Napa Valley: Opus One

I’m mildly obsessed with Robert Mondavi and his family’s story in the Napa Valley. The Mondavi family really helped shape what the Napa Valley wine industry is today by introducing higher quality wine making equipment and techniques to the area. They also put the Napa Valley on the wine map for the rest of the wine world through strategic marketing programs. (If you haven’t read House of Mondavi and Robert Mondavi’s autobiography I highly suggest it. Both books do an excellent job in laying out how the Mondavi family helped shape what Napa Valley is today.)

With that said, the vineyards I really wanted to visit this trip were all tied to the Mondavi family. However, given that the first day we were tasting with some of The Husbands colleagues I couldn’t force my obsession on them, at least not all day.

First stop – Opus One
Robert Mondavi started this vineyard with Baron Philippe de Rothschild of France (who at the time was owner of Château Mouton Rothschild winery). The two wanted to combine wine making traditions from their families.

Their first vintage was released in 1979.

Opus One truly sells “ultra premium” wines (and they act like it). Unlike many wineries in the Napa Valley, Opus One only focuses on a single wine each year. Although, they also produce Overture, which as our guide told us is made up of the grapes that “didn’t make the cut” for Opus One.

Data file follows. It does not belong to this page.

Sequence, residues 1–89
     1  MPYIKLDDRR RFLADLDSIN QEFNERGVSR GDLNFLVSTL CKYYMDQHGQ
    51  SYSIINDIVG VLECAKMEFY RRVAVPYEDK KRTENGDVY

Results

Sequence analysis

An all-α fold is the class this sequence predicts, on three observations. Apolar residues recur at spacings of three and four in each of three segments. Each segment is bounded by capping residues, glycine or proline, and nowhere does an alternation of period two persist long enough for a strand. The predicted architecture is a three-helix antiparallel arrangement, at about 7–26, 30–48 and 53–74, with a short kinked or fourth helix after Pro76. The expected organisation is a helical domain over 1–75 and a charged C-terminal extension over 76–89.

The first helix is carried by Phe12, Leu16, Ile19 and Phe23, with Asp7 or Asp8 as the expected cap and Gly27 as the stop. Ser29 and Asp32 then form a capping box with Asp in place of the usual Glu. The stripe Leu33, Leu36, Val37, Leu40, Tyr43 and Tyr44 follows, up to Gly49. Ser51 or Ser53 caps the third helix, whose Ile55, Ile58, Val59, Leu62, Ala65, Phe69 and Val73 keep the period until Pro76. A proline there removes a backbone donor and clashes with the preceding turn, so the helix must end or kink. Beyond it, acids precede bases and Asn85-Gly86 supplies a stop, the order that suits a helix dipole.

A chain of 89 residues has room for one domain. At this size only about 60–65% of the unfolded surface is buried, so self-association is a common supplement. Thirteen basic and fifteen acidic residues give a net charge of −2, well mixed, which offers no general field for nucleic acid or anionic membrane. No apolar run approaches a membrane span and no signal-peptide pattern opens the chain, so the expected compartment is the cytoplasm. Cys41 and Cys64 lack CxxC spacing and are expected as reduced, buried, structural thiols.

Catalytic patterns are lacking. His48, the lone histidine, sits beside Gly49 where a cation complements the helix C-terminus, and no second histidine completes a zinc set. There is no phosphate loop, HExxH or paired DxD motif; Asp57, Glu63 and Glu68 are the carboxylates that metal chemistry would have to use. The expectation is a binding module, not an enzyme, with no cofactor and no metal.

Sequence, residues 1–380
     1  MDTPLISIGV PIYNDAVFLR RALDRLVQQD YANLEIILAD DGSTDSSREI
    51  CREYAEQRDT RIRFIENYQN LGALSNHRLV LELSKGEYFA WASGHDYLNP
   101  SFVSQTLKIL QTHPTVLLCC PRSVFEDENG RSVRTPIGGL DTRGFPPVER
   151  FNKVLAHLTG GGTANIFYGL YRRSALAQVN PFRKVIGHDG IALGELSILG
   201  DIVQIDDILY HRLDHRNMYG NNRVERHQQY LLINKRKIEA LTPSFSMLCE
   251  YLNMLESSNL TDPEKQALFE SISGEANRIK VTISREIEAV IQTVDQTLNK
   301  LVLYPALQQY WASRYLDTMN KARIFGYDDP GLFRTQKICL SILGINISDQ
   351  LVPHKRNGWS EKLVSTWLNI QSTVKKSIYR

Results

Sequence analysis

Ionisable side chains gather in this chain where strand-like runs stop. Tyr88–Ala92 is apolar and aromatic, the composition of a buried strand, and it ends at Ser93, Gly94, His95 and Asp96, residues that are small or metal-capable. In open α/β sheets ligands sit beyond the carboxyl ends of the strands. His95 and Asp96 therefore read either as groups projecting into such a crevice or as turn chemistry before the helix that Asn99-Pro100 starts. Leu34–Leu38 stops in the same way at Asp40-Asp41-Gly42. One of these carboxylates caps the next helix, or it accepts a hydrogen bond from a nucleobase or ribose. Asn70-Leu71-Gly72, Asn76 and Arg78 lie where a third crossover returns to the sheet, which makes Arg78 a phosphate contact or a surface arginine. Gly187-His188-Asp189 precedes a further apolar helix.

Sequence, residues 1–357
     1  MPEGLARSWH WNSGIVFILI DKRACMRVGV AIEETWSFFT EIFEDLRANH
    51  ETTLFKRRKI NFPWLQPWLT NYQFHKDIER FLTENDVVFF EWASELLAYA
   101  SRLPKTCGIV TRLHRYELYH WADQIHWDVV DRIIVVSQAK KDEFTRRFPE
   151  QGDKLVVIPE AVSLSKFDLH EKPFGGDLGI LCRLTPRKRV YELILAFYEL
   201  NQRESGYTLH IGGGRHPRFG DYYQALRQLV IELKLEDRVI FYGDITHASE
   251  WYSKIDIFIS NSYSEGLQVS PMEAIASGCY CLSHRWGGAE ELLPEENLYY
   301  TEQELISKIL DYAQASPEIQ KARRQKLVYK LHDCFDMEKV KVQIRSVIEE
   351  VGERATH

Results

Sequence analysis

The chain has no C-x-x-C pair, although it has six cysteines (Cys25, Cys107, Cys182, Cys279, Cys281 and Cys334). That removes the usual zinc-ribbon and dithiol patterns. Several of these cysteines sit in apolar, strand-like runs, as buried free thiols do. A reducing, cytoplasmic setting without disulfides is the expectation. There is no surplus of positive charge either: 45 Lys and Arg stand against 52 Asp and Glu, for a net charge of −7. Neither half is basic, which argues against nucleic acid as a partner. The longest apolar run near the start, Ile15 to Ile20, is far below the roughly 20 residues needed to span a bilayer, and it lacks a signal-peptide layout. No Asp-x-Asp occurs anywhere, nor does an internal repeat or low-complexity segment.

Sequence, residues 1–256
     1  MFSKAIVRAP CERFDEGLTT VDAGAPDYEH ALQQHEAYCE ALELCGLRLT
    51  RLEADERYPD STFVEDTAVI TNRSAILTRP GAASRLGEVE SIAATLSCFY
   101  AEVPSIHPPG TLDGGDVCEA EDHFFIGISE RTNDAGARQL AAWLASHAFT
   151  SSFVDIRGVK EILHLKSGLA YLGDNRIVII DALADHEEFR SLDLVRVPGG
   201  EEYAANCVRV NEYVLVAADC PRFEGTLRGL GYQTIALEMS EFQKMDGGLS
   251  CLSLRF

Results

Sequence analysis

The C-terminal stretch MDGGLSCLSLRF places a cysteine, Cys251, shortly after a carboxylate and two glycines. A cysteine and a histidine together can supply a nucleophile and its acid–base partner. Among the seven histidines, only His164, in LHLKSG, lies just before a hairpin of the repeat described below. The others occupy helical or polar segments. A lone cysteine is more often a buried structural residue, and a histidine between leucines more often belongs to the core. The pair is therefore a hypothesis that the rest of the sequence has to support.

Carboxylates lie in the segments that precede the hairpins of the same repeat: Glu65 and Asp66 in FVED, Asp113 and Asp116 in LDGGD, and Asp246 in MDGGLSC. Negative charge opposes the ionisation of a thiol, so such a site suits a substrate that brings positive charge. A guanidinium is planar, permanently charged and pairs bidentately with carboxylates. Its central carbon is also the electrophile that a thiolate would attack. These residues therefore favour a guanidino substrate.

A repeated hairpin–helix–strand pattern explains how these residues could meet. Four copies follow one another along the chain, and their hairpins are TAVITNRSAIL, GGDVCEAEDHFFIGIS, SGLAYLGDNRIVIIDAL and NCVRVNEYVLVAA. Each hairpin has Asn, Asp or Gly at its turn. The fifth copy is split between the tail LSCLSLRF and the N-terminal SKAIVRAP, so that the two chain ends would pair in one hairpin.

Opus One is located directly across the street from the Robert Mondavi Winery, it’s “sister winery”. You must make a reservation at Opus One, even for a tasting, which is all we did. You will not be able to do a tasting without a reservation.
 
In the tasting you get two wines; we tried vintage 2006 and vintage 2007. Tasting fees – $35 per vintage- are higher than most and this is mainly due to them only producing one vintage a year. While the fees are higher, you are poured more than the traditional one-ounce tasting pour. Both the 2006 and 2007 vintages were made up of Cabernet Sauvignon, Merlot, Cab Franc, Petit Vendot and a touch of Malbec grapes. I preferred the 2007 vintage, which was a great year for wines throughout the Napa Valley. We were not able to taste the Overture (no one can, for sale only) but did purchase a few bottles and it’s amazing. You can only purchase Overture at the winery; you cannot but it online. 
When Robert Mondavi sold his winery in Dec. 2004 to Constellation Brands, Inc., he also sold his shares of Opus One. The winery is still run by Baron Philippe de Rothschild’s family; Constellation Brands acts more of a silent partner. Something to note, the people who work at Opus One all seem to be French and very proud of their wine and pass this “pride” off as snootiness. Ok, just plane rudeness. It was hard to really appreciate the beauty of the wine with the woman working the tasting being so “nice”. So we took glasses of wine upstairs to the deck to enjoy the views and try to regain appreciation for the wine without our “lovely” French guide.

Opus One is open every day between 10 am and 4 pm with the exception of New Year’s Day, Easter Sunday, Thanksgiving Day, Christmas Eve and Christmas Day

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